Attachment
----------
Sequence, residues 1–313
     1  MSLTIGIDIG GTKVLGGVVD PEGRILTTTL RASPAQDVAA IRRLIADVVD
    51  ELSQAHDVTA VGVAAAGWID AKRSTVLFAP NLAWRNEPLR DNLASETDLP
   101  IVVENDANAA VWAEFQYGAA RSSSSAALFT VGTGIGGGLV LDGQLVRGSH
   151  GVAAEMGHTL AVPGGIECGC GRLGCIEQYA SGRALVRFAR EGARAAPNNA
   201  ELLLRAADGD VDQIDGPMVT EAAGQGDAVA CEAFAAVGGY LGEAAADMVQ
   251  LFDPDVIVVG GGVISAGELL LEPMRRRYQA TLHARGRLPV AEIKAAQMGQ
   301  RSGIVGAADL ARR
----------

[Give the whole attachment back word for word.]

Sequence, residues 1–313
     1  MSLTIGIDIG GTKVLGGVVD PEGRILTTTL RASPAQDVAA IRRLIADVVD
    51  ELSQAHDVTA VGVAAAGWID AKRSTVLFAP NLAWRNEPLR DNLASETDLP
   101  IVVENDANAA VWAEFQYGAA RSSSSAALFT VGTGIGGGLV LDGQLVRGSH
   151  GVAAEMGHTL AVPGGIECGC GRLGCIEQYA SGRALVRFAR EGARAAPNNA
   201  ELLLRAADGD VDQIDGPMVT EAAGQGDAVA CEAFAAVGGY LGEAAADMVQ
   251  LFDPDVIVVG GGVISAGELL LEPMRRRYQA TLHARGRLPV AEIKAAQMGQ
   301  RSGIVGAADL ARR